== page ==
NZ vs SA 2022 – Rassie van der Dussen hopes South Africa can set 270-280 target


South Africa will be looking for at least 60 more runs, but would be more comfortable with 90 more from their last five batting pairs as they seek to set New Zealand a target in excess of 300 to win the second Test.

On a pitch that remains good for batting, Rassie van der Dussen, South Africa’s top-scorer in the second innings so far, said the visitors are “reasonably happy” with their progress, but want to continue to put pressure on New Zealand’s attack.

“We’re looking at anything around 270 or 280 plus,” he said. “If we can emulate what we did in the first innings with our tailenders and get to the 300 mark, mentally that would be a good mark for us. Hopefully we can start well tomorrow (Monday) and get through their first spells. Their bodies will be sore. To bowl 40 overs in three days is a lot.”

New Zealand’s frontline attack of Tim Southee, Matt Henry, Kyle Jamieson and Neil Wagner have sent down 46, 48, 38 and 43 overs respectively, but have not shown any signs of fatigue yet. In fact, it’s been quite the opposite. Wagner sent down a nine-over spell late on the third day laced with short balls and removed both van der Dussen and Temba Bavuma to leave South Africa at 114 for 5 at one stage.

“When I made my first-class debut 14 years ago, we were in the same team,” van der Dussen said of Wagner. “I knew what his plans were, it’s quite straightforward. We know him, we know what he does. He has a big tank, he keeps running in. Sometimes you have to say to a guy well done.”

Despite having a clear idea of the threat Wagner posed, van der Dussen explained of their plan to take him and the rest of the attack on to extend the lead quickly.

“We went out looking to play on the front foot. We looked to put pressure on them,” he said. “But they’ve got world class bowlers in terms of discipline. They don’t give you much. I went out a bit more streaky than I usually play. I knew I had to try and put some pressure on them to build the lead and I ran out of luck.”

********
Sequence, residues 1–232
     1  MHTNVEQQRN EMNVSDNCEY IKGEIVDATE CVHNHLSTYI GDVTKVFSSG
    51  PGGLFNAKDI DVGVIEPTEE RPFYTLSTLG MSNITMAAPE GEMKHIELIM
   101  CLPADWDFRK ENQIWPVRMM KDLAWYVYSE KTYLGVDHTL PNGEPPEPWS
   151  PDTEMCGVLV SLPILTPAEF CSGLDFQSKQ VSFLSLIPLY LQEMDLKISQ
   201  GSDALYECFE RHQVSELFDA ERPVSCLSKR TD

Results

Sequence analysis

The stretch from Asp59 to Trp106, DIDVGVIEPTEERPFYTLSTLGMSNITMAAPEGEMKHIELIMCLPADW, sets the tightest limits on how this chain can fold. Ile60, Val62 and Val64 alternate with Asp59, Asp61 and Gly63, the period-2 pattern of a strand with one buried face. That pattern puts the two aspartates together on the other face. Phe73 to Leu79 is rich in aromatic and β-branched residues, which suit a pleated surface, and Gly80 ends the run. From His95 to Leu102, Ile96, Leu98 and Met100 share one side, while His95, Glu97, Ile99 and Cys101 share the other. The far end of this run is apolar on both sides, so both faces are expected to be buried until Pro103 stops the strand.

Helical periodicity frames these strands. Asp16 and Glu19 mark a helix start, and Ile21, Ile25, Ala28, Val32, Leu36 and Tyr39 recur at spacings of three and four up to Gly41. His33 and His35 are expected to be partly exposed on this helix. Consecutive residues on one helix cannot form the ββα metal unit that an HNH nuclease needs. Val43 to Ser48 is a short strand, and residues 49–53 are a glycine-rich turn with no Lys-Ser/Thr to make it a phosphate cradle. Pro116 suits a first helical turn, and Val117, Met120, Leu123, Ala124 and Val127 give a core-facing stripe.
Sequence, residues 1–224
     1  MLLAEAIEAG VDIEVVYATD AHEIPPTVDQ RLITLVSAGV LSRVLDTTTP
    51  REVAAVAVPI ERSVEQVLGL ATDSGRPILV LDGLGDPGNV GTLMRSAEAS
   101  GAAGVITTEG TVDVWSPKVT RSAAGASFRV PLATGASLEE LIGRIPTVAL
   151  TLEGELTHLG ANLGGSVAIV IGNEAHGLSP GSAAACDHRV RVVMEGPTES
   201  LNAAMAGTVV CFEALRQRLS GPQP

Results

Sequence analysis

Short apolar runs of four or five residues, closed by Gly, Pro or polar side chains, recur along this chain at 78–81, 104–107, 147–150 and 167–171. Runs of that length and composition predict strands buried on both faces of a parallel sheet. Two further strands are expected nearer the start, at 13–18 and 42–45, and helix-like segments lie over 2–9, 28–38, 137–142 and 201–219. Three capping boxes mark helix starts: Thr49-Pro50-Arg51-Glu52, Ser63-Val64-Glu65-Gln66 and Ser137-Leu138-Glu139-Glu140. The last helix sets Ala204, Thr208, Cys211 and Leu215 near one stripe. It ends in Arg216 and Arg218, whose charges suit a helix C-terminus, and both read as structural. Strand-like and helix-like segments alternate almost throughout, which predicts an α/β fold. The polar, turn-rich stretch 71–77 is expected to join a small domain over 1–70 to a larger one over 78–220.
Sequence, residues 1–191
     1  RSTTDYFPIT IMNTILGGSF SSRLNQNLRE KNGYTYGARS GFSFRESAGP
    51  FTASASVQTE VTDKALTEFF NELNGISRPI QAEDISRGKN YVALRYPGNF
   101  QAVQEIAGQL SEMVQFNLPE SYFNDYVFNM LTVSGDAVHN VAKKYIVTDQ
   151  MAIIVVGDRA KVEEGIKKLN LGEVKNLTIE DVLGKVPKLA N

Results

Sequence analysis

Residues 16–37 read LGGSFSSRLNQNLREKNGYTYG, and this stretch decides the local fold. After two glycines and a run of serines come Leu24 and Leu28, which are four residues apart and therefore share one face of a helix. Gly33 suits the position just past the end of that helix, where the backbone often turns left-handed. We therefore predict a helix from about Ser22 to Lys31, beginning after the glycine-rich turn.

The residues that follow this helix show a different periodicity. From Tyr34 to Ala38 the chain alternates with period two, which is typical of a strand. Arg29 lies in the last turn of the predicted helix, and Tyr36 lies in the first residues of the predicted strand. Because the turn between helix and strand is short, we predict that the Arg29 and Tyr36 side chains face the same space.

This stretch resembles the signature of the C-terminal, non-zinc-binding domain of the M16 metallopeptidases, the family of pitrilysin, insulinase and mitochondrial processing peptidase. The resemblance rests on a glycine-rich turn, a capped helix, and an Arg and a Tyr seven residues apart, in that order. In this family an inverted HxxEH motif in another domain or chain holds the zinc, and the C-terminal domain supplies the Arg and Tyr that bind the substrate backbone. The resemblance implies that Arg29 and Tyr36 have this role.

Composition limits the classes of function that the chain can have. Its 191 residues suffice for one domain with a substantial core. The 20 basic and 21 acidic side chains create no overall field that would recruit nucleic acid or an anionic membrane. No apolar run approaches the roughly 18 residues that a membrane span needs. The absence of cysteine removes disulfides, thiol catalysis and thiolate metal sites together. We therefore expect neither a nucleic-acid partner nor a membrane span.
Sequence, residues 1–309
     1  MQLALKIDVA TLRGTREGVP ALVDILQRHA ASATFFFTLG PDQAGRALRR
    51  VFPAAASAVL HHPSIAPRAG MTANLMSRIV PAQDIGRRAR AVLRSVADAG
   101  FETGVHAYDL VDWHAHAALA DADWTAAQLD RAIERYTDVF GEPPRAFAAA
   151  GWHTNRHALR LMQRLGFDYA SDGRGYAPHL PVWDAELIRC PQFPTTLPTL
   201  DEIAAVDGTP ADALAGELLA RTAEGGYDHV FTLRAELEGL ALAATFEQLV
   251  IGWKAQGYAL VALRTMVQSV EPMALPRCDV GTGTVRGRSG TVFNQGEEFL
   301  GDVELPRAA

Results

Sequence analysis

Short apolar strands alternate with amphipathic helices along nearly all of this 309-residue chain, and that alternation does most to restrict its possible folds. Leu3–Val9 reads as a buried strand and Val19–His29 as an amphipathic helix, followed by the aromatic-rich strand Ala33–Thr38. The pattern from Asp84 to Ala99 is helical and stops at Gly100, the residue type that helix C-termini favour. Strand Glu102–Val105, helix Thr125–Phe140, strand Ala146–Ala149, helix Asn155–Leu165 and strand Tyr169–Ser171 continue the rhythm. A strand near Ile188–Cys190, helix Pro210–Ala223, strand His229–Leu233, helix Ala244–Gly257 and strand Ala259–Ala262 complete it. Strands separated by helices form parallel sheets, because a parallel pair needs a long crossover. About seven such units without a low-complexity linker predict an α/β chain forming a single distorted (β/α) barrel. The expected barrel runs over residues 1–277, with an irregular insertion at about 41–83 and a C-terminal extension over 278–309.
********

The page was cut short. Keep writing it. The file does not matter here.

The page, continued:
Van der Dussen was eventually caught on the pull and Bavuma was out driving. B both dismissals looked avoidable, but South Africa saw a positive in the way the pair got out.

“What we saw in this last session is that the ball sat up a bit on the short length,” van der Dussen said. “If the wicket gets two paced, it becomes really tricky. Temba also went out in a way that he doesn’t often go out and the ball just stuck a bit in the wicket. That will be a good signs for us. If it goes sideways and then stops a little, it does get tricky to score runs. Not always that tricky to survive but tricky to score runs.”

South Africa’s run-rate has remained below three an over throughout the match but New Zealand have not had the same issue. They batted at close to four runs an over, thanks largely to Colin de Grandhomme’s carefree career-best 120, which came off 158 balls.

De Grandhomme’s approach is as obvious as they come – “see the ball, hit the ball,” he said – and he was confident about New Zealand’s ability to chase something in the upper 200s. “I think if they get 270 we will be back ourselves to get it,” de Grandhomme said. “It might get slower and lower but it’s still a good pitch.”

South Africa are hoping for exactly that: a surface that will deteriorate enough to bring the only spinner across both teams, Keshav Maharaj, into the game. Maharaj was a surprise pick at a venue where specialist spinners are often benched and took 1 for 46 in the first innings but van der Dussen hopes he will have a bigger role to play on the final day.

“The wicket is a lot drier than it was in the first Test. That’s why we need to get to that 300 mark and then hope it deteriorates late tomorrow and going into day five,” he said. “We’ve got to give Keshav a chance to get into the game, our seamers to run in with short bursts of energy and hopefully the wicket will deteriorate a little bit for us.”

While van der Dussen’s focus was on the role Maharaj could play, South Africa will also lean heavily on their new-ball pair of Kagiso Rabada and Marco Jansen, who are the joint-leading wicket-takers in Tests this year. Rabada took his 11th career five-for in the first innings and van der Dussen believes if he has more success, South Africa can level the series.

“He plays a huge role. He is a guy that doesn’t miss his lines and lengths a lot and he asks a lot of questions.” He said. “He knows what he can do and what he can’t do, and as a bowler there aren’t many things he can’t do. He swings the ball both ways, he has a good bouncer, a good yorker. The bowlers, the team look up to him.

“I know it’s sometimes a big weight for him to carry on his shoulders, but he takes that responsibility. That’s what makes him so good. He knows when he bowls well, we play well; when he takes wickets, we win. It’s not nice to face him in the nets, so I can’t imagine it’s nice to face him in the middle. He’s going to be very important in the fourth innings. If he get’s it right, it will go a long way for us to win the Test.”

Firdose Moonda is ESPNcricinfo’s South Africa correspondent


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